Finra Drives Home Corner-Cutting Rules, Fining Brokers Already Terminated
Some might call it rubbing salt into wounds that former brokers have already endured, but the Financial Industry Regulatory Authority in recent days drove home the message that brokers should not cut corners even if they believe they have client approval.
Joseph Woitkoski, who was terminated by Raymond James Associates in 2018 after 20 years as a registered rep, was suspended for 30 days and fined $7,500 for allegedly making discretionary trades for 12 customers without their written authorizations, according to an acceptance, waiver and consent letter that Finra accepted on August 20.
Finra imposed the sanctions even though “over the course of longstanding relationships, the customers gave authorization to Woitkoski to exercise discretion in their accounts,” according to the letter that the Massachusetts-based former broker signed without admitting or denying the findings. Eight of the 12 customers were “seniors,” according to Finra.
Woitkoski also mismarked trading orders as “unsolicited” on about 120 of the approximately 900 trades he made over 19 months, it said. Raymond James discharged him two years ago after he admitted executing “unauthorized” trades in multiple accounts, according to his BrokeCheck history.
“I have retired from the securities business and will not be associated with any Finra member in any capacity in the future,” Woitkoski wrote in a “corrective action statement” attached to the consent letter.
Woitkoski, who spent the first 12 years of his brokerage career with UBS and Merrill Lynch before joining Raymond James in 2010, earlier this year stepped down as chairman of Berkshire County Arc, an organization that provides job training and life skills to children and adults with developmental disabilities. Mary Courtner, his Pittsfield, Mass.-based lawyer, did not immediately return a call for comment about the Finra agreement.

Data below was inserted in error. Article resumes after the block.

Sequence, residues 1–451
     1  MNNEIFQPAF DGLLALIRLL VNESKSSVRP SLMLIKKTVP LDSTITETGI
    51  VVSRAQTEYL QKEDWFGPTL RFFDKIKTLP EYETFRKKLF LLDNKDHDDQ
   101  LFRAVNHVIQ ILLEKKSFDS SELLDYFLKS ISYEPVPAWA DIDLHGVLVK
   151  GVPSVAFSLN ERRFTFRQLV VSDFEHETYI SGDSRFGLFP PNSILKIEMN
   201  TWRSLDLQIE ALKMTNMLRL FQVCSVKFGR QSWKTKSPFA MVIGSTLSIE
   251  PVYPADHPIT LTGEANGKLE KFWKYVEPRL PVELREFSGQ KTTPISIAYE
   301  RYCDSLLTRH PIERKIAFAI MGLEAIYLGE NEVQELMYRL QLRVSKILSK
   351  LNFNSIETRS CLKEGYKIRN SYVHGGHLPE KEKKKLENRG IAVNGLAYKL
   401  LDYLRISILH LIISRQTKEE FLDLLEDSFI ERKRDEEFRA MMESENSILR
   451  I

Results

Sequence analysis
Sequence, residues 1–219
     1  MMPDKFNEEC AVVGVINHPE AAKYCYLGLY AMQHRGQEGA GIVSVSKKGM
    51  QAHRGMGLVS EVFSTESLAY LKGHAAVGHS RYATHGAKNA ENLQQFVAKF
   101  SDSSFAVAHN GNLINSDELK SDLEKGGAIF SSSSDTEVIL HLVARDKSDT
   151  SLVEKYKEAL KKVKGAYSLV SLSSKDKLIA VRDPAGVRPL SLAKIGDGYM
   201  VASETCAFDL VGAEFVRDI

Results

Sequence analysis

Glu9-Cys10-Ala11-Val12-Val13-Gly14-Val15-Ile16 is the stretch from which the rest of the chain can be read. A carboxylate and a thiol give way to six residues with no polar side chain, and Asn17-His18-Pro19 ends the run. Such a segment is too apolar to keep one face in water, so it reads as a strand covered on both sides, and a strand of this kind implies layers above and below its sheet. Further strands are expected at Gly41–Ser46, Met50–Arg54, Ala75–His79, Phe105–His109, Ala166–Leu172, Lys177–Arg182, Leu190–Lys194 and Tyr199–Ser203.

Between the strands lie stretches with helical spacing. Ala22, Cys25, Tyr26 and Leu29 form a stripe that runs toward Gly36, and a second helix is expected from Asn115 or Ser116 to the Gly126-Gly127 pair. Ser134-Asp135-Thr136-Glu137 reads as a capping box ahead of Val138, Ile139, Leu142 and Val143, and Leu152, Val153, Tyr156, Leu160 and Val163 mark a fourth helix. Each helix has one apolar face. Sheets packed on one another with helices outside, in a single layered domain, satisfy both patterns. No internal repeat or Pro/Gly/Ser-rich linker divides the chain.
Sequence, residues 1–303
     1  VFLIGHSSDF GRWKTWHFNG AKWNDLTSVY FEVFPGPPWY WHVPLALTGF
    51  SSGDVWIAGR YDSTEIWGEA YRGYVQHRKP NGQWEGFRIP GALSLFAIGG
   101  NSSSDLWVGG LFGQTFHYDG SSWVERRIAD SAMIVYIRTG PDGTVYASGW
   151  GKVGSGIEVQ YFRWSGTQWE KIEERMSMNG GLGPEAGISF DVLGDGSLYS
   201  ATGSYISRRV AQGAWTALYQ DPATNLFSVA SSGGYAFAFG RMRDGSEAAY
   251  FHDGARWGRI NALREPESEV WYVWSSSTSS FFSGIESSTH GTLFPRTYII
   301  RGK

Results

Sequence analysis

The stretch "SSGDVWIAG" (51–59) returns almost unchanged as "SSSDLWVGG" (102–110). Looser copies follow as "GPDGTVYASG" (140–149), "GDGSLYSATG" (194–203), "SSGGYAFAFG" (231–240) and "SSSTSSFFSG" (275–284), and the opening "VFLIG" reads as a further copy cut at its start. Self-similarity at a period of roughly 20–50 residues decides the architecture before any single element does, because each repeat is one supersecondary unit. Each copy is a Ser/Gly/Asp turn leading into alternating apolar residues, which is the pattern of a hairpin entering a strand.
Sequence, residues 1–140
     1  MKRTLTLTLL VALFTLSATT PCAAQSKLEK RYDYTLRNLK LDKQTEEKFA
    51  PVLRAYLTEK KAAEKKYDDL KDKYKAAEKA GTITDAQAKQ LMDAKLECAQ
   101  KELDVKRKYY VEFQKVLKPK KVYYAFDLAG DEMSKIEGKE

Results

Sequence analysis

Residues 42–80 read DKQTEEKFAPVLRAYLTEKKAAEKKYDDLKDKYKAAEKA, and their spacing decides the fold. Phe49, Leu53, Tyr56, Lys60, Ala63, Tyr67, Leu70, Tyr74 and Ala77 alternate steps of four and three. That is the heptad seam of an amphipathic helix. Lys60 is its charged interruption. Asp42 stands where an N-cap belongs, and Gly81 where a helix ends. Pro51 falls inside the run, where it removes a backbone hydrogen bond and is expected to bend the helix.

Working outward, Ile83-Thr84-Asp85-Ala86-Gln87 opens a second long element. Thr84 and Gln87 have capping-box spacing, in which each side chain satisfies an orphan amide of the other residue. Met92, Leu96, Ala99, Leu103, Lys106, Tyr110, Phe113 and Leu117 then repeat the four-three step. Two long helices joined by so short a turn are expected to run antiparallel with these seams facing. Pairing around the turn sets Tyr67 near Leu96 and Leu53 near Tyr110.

Finra last Thursday also imposed a $5,000 fine and four-month suspension on Christopher Hildebrandt, a former independent broker in Cape May Court House, N.J., who had been affiliated with Principal Securities for more than 15 years, according to his BrokerCheck history.
Hildebrandt falsified about 90 new account forms, money transfer requests and distribution forms over eight years by “reusing client signatures and using correction fluid to alter” dates, account numbers and dollar amounts, according to the consent letter he signed without admitting or denying the findings.
Finra acknowledged that he altered the paperwork as “an accommodation to approximately 30 customers” and said “the underlying transactions were all authorized.”
Hildenbrandt’s practices, however, continued even after Principal Financial warned him in a 2015 phone call and “letter of education” that he was violating procedures, according to the consent letter he signed that Finra accepted last Thursday.
Principal discharged Hildebrandt in October 2018 after a client’s son accused him of misappropriating funds from his mother’s trust and making one or more unauthorized transactions. (The complaint was settled in September 2018 for $15,095, according to Hildebrandt’s BrokerCheck record.)
Hildebrandt first registered as a rep in 1998 with Morgan Stanley, but spent 17 years of his 20-year brokerage career with insurance firm-affiliated broker-dealers, according to his BrokerCheck history. He is not currently registered as a broker or advisor, and could not be reached for comment.
Both Hildebrandt and Woitkoski attracted the Finra sanctions because they violated the industry self-regulator’s far-reaching Rule 2010, which requires brokers to “observe high standards of commercial honor and just and equitable principles of trade.”
In a third action, Finra on Thursday said it will impose a $5,000 fine and ten-day suspension on former Raymond James & Associates broker Stephen P. Florio for allegedly trading in a single customer account without receiving written authorization from the customer.
“Due to the customer’s business and travel schedule, the customer orally authorized Florio to exercise discretion,” the consent letter said.
Florio inaccurately attested in two annual compliance questionnaires that he was not using discretion, it said, echoing the Woitkoski letter, and he did not receive RayJay’s permission to make the account discretionary.
Raymond James discharged Florio two years ago over suspicions that he was conducting an unapproved outside business activity and concern about his investments in low-priced securities that he may have discussed with someone close to senior management, according to his BrokerCheck history. Florio’s regulatory record says he denied both allegations.
Florio, whose 36 years of brokerage experience includes stints with Morgan Stanley and Bank of America, is currently an independent broker in Fort Lauderdale with Cambridge Investment Research, according to his BrokerCheck history. He signed the Finra consent letter without admitting or denying the findings.